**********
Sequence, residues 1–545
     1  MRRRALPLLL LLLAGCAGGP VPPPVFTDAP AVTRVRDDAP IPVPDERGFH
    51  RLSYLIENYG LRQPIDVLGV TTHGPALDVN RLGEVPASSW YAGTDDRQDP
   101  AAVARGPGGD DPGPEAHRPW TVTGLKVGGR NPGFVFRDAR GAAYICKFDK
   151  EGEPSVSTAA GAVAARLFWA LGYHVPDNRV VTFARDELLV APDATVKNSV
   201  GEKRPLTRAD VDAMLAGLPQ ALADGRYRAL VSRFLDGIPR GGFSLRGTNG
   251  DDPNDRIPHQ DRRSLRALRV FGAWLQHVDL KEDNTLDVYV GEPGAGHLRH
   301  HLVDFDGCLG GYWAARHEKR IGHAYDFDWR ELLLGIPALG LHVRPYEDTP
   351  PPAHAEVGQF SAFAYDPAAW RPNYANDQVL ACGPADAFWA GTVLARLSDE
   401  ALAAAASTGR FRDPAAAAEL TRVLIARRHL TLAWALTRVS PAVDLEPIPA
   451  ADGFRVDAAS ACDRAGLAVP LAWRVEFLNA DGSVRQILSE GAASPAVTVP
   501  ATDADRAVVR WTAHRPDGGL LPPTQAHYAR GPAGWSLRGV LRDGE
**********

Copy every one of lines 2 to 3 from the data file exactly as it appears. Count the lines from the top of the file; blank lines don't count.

     1  MRRRALPLLL LLLAGCAGGP VPPPVFTDAP AVTRVRDDAP IPVPDERGFH
    51  RLSYLIENYG LRQPIDVLGV TTHGPALDVN RLGEVPASSW YAGTDDRQDP